Whether creating content for television, theater, Internet, or even home videos of your family, you have to have an acute awareness of your audience’s tastes and tendencies.  Yes, Mr. Cosby, I know you can’t please them all, but you might as well tailor your efforts for the majority.  In this industry, it’s the only chance you have.

Never before have I dealt with a group plagued by such stubbornness and self-righteous attitudes.  Their demeaning words and actions became a broken record, and nothing I said or did could change their already made up minds.  It takes a lot for me to swallow my pride and walk away from something before I have tried everything to make it a success.  Numa Network may very well succeed one day, but the awful treatment I received from a ridiculously egocentric group isn’t worth any sum of money.  I’d rather be appreciated and poor, than rich and abused.

January 4, 2010

Goal 2009

“The first step to getting the things you want out of life is this: Decide what you want.” – Ben Stein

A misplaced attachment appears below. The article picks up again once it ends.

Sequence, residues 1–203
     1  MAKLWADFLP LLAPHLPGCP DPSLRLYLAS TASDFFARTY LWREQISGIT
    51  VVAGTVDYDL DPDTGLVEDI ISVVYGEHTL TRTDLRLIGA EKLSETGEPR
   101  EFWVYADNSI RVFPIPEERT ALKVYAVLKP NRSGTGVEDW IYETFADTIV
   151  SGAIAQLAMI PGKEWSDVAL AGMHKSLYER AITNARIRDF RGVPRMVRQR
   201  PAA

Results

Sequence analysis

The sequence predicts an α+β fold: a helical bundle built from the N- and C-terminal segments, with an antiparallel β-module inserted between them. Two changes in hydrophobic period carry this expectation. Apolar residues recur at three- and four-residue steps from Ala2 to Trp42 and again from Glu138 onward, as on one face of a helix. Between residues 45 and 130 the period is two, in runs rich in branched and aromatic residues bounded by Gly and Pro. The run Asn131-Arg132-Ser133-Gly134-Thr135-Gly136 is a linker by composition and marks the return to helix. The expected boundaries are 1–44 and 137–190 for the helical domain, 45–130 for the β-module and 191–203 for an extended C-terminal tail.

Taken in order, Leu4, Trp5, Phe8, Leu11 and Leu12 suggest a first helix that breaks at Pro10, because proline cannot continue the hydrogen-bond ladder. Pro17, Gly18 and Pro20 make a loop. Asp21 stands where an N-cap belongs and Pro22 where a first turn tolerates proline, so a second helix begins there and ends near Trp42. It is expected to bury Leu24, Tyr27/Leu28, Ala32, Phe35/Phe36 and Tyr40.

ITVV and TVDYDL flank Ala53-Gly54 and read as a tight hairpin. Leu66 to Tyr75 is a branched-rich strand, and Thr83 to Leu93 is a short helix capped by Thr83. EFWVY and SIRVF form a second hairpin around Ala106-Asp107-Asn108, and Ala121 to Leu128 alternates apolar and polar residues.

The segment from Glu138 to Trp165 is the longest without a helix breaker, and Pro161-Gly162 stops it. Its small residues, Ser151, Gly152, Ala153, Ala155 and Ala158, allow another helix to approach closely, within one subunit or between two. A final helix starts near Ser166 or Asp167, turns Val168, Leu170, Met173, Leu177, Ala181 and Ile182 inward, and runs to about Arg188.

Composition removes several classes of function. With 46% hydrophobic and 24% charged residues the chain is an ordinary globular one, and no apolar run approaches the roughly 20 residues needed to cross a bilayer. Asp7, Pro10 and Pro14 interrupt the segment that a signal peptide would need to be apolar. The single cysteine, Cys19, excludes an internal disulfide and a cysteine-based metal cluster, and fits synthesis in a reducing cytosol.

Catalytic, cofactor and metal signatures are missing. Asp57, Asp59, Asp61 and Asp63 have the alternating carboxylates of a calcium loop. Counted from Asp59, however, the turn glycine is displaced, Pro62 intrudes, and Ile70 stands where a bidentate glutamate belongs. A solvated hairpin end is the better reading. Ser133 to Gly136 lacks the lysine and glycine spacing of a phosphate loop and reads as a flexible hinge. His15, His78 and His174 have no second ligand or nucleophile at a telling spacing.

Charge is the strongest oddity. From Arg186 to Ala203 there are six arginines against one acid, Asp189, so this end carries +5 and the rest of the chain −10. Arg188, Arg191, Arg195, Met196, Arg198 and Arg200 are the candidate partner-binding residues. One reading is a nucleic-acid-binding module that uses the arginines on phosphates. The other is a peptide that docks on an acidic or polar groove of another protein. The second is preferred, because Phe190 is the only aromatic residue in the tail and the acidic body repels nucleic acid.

If you haven’t seen Ben Stein’s Expelled: No Intelligence Allowed, it’s worth 90 minutes of your time.  While Michael Moore is constantly praised for his truth-twisting “documentaries,” Mr. Stein is chastised for his much truer effort.  But I digress.

I like Mr. Stein’s quote about deciding what you want.  How true it is.  It brings me back to my earliest entries in this blog when I was defining my goal for 2009.  I didn’t set out to sell a screenplay or produce another movie or be cast in a major Hollywood film.  I simply wanted to create enough income to allow my wife to leave her job and stay home to raise our kids.

How short I fell.

Yet I made enough progress to keep going.  Many times have I prayed to have this desire lifted.  Instead the desire grows.  While I am not financially free yet, I have had many projects along the way to help pay the bills and reinvest in my company.  Creatively, I am not finding much fulfillment in the projects, but professionally, I am building a respectable portfolio.

How should I shape my goal for 2010?  Logically, I should lower the bar and make the goal more attainable.  Logically, my 2010 goal(s) should be realistic instead of the impossible goal of 2009.  Logically, I shouldn’t expect anything close to what I really want in 2010.  Right?

When has logic ever paid dividends?  My goal(s) for 2010 will be loftier than last year’s.  To paraphrase a popular US Army slogan, “The difficult I’ll do immediately… the impossible may just take a little longer.”

And along the way I’ll share my mistakes and successes, hopefully being of assistance to somebody else sharing the journey with me.

Dear 2010,

Please be good to me.  I’ll do the same to you.